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Logo of nihpaAbout Author manuscriptsSubmit a manuscriptHHS Public Access; Author Manuscript; Accepted for publication in peer reviewed journal;
 
Infect Control Hosp Epidemiol. Author manuscript; available in PMC 2010 December 28.
Published in final edited form as:
Infect Control Hosp Epidemiol. 2010 July; 31(7): 694–700.
doi:  10.1086/653206
PMCID: PMC3010845
NIHMSID: NIHMS256704

Predictive Ability of Positive Clinical Culture Results and International Classification of Diseases, Ninth Revision, to Identify and Classify Noninvasive Staphylococcus aureus Infections: A Validation Study

Abstract

OBJECTIVE

To develop and validate an algorithm to identify and classify noninvasive infections due to Staphylococcus aureus by using positive clinical culture results and administrative data.

DESIGN

Retrospective cohort study.

SETTING

Veterans Affairs Maryland Health Care System.

METHODS

Data were collected retrospectively on all S. aureus clinical culture results from samples obtained from nonsterile body sites during October 1998 through September 2008 and associated administrative claims records. An algorithm was developed to identify noninvasive infections on the basis of a unique S. aureus–positive culture result from a nonsterile site sample with a matching International Classification of Diseases, Ninth Revision (ICD-9-CM), code for infection at time of sampling. Medical records of a subset of cases were reviewed to find the proportion of true noninvasive infections (cases that met the Centers for Disease Control and Prevention National Healthcare Safety Network [NHSN] definition of infection). Positive predictive value (PPV) and negative predictive value (NPV) were calculated for all infections and according to body site of infection.

RESULTS

We identified 4,621 unique S. aureus–positive culture results, of which 2,816 (60.9%) results met our algorithm definition of noninvasive S. aureus infection and 1,805 (39.1%) results lacked a matching ICD-9-CM code. Among 96 cases that met our algorithm criteria for noninvasive S. aureus infection, 76 also met the NHSN criteria (PPV, 79.2% [95% confidence interval, 70.0%–86.1%]). Among 98 cases that failed to meet the algorithm criteria, 80 did not meet the NHSN criteria (NPV, 81.6% [95% confidence interval, 72.8%–88.0%]). The PPV of all culture results was 55.4%. The algorithm was most predictive for skin and soft-tissue infections and bone and joint infections.

CONCLUSION

When culture-based surveillance methods are used, the addition of administrative ICD-9-CM codes for infection can increase the PPV of true noninvasive S. aureus infection over the use of positive culture results alone.

During the past decade, there has been a dramatic increase in the incidence of infections due to community-associated methicillin-resistant Staphylococcus aureus (MRSA), many of which are skin and soft-tissue infections.13 Although the incidence of S. aureus infection in specific populations, and according to certain infection types, has been reported, the overall burden of S. aureus infection remains unclear. To improve the public health response to the nationwide epidemic of community-associated MRSA infections, a better estimate of the overall burden and distribution of all S. aureus infections is necessary. This requires a validated approach to identifying and classifying S. aureus infections according to type and severity, which is relatively straightforward for invasive S. aureus infections, because the presence of S. aureus in a specimen obtained from a normally sterile body site is highly predictive of infection. However, invasive S. aureus infections comprise only a small proportion of S. aureus infections. The greater challenge is to identify and classify noninvasive S. aureus infections, largely because in a clinical culture, S. aureus that is isolated from a sample obtained from a nonsterile body site can represent either infection or colonization. Although data on culture results are often available from large clinical databases, many of these results represent colonization rather than infection, because S. aureus is an opportunistic pathogen.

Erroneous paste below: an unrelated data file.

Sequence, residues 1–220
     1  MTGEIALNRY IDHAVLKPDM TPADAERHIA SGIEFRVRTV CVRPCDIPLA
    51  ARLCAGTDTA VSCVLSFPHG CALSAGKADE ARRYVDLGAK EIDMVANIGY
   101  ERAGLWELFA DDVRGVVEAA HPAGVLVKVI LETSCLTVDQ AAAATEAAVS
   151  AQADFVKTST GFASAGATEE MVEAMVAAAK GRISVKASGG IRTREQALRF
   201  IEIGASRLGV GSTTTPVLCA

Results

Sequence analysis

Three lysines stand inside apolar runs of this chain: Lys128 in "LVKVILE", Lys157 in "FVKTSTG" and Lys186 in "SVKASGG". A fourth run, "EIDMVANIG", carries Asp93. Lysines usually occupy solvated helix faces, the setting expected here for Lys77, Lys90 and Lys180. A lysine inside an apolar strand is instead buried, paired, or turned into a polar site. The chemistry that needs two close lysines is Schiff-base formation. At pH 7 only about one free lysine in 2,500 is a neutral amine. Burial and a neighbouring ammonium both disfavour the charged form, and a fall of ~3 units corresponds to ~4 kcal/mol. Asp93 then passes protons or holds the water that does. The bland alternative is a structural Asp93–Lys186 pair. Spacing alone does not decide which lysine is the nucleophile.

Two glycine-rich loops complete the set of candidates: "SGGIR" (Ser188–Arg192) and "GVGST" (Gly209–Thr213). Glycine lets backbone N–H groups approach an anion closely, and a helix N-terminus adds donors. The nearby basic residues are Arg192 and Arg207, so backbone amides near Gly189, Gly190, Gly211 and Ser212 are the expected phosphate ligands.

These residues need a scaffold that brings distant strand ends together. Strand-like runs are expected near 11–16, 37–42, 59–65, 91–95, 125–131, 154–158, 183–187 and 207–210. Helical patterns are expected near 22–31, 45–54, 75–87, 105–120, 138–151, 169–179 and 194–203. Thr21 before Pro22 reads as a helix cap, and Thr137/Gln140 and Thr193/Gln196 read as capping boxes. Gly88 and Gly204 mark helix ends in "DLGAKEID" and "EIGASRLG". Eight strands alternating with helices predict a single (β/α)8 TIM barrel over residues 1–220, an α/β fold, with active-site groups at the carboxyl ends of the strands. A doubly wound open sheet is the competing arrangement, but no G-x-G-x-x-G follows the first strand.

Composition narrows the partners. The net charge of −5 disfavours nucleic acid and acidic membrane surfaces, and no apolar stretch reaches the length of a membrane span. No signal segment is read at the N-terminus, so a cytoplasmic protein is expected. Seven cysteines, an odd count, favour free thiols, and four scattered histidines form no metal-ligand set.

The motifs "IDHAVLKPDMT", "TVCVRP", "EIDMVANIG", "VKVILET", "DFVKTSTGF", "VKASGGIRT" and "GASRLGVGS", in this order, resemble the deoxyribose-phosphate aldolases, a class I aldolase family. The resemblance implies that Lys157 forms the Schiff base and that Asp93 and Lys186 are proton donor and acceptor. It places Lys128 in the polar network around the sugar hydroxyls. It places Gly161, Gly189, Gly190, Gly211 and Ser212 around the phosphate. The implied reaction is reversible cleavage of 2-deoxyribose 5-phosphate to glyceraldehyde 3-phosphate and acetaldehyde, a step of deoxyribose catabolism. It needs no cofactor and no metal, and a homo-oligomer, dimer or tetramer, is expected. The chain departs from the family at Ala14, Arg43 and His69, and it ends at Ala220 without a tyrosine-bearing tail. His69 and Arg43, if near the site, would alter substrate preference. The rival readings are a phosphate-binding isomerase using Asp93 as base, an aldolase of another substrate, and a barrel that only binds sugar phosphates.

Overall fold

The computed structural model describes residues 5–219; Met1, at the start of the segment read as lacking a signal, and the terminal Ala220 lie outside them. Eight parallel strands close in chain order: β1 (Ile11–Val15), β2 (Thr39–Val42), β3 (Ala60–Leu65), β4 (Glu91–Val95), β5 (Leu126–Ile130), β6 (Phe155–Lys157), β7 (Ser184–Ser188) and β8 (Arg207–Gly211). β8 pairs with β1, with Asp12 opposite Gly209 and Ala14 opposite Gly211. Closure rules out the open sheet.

Thus, a more predictive approach to identifying noninvasive S. aureus infections is needed, particularly because a substantial proportion of infections due to community-associated MRSA—specifically, skin and soft-tissue infections—are noninvasive.1,4 In addition, there is a need for an automated approach to identifying S. aureus infections for use in large epidemiological research studies for which medical record review is impractical or when medical records are unavailable. To address these needs, we performed a retrospective study in a large population of patients who receive healthcare services through the Veterans Affairs Maryland Health Care System (VAMHCS). Our research objective was to develop and estimate the accuracy of a new algorithm to identify and classify noninvasive S. aureus infections.

METHODS

Design and Setting